Want longer evenings? Then get up earlier, says Shatter
Minister calls time on Bill proposing move to Central European Time
Strollers on the strand at Sandymount Co Dublin . Photograph: Eric Luke / The Irish Times
Minister for Justice Alan Shatter is to ask the Oireachtas Justice Committee to receive submissions on proposals for brighter evenings, bringing the State into Central European Time.
The move came during a debate today on Independent TD Tommy Broughan’s private members Bill which proposed that the State would trial moving the clocks forward by an hour.
Mr Shatter said he could “not accept the brighter evenings bill in principle”. He did not think legislation was “necessary” and if the aim was an extra hour in the morning, this could be achieved by “getting up and going to work an hour earlier”.
However Mr Shatter said he would ask the committee to seek submissions on the issue and publish a report.
Mr Shatter said the key issue lay with Northern Ireland and the State having different time zones. He noted that if the model was adopted sunrise in Sligo on Christmas Day 2013 would be at 9.54am while sunset on June 21st would be 11.12pm.
Mr Broughan welcomed Mr Shatter’s proposal and it was agreed to leave the Bill on the floor of the Dáil without voting on it. Mr Broughan accepted that moving time without the UK would be a “very serious challenge” to economy and society. However he said Britain was “very seriously considering” a change of time and Ireland would have to be ready if it “decided to move”.
Mr Broughan has argued that the benefits of the change would be improved quality of life with more time for evening exercise and improved health benefits for people with seasonal affective disorder and increased vitamin D intake. It would improve safety, increasing tourism jobs, lowering energy bills, reducing fear of crime, he said.
“In effect, we would spend more of our waking lives in the light rather than enduring the current long, bleak winter nights. Growing evidence highlights the wide benefits of brighter evenings,” Mr Broughan has written in the Bill’s explanatory memorandum.
The Bill proposed that after undertaking a cost benefit analysis, the Government could introduce it for three years and permanently if needed
Mr Broughan said in both historical arguments against a move , children going to school and work in the agriculture sector, patterns and technological advances have made proposals more possible.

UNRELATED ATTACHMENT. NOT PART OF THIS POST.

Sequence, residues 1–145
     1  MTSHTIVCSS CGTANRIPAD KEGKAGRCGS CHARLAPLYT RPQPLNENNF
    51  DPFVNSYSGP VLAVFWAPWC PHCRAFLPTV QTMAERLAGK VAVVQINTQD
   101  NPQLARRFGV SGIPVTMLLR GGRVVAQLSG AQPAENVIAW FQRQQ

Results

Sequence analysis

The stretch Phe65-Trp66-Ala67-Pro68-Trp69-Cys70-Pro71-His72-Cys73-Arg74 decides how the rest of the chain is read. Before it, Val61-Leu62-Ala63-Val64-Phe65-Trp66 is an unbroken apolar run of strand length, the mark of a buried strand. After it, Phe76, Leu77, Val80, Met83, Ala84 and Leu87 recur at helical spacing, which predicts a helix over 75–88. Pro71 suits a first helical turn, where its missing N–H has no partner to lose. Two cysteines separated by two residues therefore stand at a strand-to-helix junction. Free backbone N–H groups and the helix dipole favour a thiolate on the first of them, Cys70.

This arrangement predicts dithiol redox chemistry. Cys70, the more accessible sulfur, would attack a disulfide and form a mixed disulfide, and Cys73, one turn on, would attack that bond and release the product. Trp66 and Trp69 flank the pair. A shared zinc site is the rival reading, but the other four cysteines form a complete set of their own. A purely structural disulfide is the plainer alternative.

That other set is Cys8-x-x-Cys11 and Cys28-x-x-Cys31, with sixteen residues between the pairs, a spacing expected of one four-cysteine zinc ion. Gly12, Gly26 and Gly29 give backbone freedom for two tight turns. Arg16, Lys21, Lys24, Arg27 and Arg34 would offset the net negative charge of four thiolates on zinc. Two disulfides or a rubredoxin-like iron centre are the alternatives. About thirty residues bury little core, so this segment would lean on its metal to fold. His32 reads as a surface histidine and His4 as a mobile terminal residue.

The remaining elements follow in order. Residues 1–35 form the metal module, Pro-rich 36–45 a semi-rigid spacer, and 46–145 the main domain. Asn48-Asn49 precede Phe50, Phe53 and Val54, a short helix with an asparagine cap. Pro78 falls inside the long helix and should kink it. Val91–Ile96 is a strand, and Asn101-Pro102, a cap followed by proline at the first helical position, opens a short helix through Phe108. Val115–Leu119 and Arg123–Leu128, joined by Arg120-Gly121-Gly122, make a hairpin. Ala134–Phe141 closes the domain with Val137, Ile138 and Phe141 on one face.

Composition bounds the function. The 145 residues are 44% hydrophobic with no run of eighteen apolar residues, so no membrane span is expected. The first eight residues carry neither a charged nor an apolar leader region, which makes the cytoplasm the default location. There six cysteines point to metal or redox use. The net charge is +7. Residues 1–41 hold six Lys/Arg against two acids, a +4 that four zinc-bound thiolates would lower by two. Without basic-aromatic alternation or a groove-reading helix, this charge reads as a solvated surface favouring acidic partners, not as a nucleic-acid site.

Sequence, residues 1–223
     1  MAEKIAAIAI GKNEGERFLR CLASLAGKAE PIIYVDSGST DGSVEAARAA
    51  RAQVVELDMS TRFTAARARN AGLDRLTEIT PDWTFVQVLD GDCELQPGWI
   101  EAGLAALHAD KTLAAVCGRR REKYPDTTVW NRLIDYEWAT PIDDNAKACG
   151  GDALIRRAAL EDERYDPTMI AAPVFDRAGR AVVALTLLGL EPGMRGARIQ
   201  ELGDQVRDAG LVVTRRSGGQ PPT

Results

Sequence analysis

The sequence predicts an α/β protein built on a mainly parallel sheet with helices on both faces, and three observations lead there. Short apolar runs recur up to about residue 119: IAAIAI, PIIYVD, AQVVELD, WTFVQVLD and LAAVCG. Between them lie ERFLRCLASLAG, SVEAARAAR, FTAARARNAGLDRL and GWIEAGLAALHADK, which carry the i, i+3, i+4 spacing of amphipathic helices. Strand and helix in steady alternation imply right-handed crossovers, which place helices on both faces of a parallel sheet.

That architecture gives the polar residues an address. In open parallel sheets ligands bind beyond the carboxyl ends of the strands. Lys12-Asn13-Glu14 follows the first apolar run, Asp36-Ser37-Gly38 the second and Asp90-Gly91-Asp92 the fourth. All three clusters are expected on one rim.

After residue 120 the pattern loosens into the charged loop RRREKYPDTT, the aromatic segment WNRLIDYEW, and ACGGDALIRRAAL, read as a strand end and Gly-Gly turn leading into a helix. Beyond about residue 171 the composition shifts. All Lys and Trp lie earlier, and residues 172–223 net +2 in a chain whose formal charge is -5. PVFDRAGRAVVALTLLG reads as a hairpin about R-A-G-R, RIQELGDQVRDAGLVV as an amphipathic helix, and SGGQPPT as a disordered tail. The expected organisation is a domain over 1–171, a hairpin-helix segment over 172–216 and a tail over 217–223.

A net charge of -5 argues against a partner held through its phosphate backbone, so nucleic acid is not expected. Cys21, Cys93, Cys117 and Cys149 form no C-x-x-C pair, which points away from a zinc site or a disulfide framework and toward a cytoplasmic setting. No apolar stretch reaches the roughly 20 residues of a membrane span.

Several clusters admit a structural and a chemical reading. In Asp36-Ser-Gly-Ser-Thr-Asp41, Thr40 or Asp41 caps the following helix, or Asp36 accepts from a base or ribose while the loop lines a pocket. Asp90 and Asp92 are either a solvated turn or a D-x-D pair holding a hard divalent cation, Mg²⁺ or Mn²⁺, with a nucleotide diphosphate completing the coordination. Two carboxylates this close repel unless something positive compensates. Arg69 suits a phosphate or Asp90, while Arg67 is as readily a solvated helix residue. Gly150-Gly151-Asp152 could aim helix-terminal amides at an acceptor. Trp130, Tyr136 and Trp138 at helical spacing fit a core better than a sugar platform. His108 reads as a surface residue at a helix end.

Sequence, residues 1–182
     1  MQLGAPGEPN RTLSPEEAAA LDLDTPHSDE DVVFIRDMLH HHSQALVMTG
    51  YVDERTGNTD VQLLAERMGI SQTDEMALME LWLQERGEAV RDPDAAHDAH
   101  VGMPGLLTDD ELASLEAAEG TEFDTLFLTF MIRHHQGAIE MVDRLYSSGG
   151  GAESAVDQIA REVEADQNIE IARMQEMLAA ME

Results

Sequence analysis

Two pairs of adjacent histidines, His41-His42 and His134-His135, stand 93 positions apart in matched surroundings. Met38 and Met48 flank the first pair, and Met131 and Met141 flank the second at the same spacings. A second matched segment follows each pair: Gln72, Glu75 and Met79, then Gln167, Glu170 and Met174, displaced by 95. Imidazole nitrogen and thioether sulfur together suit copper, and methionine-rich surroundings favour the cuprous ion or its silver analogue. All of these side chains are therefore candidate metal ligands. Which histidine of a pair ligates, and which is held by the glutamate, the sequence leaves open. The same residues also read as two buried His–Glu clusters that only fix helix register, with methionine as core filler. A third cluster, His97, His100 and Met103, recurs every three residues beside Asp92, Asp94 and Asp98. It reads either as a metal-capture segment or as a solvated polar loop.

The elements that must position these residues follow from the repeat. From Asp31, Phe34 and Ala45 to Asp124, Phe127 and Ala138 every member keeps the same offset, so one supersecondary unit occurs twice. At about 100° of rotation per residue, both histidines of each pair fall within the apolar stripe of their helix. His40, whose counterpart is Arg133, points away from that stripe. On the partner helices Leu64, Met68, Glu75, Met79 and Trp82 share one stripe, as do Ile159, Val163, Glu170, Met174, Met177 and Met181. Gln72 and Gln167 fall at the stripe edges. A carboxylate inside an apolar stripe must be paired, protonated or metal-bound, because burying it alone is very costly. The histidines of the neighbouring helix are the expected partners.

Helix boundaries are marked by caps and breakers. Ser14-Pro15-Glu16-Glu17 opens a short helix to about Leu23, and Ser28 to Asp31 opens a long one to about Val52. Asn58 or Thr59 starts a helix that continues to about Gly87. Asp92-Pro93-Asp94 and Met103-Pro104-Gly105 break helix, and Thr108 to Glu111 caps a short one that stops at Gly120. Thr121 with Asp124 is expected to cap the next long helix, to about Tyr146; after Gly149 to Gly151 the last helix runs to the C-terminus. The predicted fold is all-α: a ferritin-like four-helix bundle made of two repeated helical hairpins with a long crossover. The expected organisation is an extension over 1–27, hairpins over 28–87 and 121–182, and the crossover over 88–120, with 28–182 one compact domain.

Fine Gael TD David Stanton, who also chairs the Oireachtas justice committee and has previously proposed a similar piece of legislation, said there was “quite an amount of support out there” for the Bill.
Fianna Fail’s Timmy Dooley said the party was opposed to the Bill. Without cooperation with the UK it would have “impractical measures”. There could be the farcical and unsustainable situation where people who work North and south of the border would have to change their watches, he said.
Sinn Féin TD Michael Colreavy quoted Aristotle that “time is the most unknown of all unknown things”. He said “the one thing we cannot do is create new time ….imagine we did have an Oireachtas where we could create time”. He also read a reflective poem on daylight saving times.
Fine Gael TD Jerry Buttimer said the Bill was “hard to oppose” on such a day as the words of the song “Summer time” came to mind.
Mr Broughan’s Bill proposed operation on the Single/Double Summer Time model. This would mean that for the first year of operation the clocks would not go back in October and in March they would be put forward by an hour. After these adjustments, time changes would continue as they currently do.
As a result Ireland would be an hour ahead of Greenwich Mean Time in winter and two hours ahead of GMT in summer, in line with Central European Time.
Under an EU directive all member states must start summer time simultaneously so time differences between states remain constant all year.
Changes to clocks were first introduced in the State in1916 to allow farmers to work in the fields. Britain and Ireland conducted an experiment between 1968 and 1971 when all clocks remained at GMT plus one.
The UK discussed a similar Bill last year. However in January last year the Bill failed to complete its passage through Parliament before the end of the session.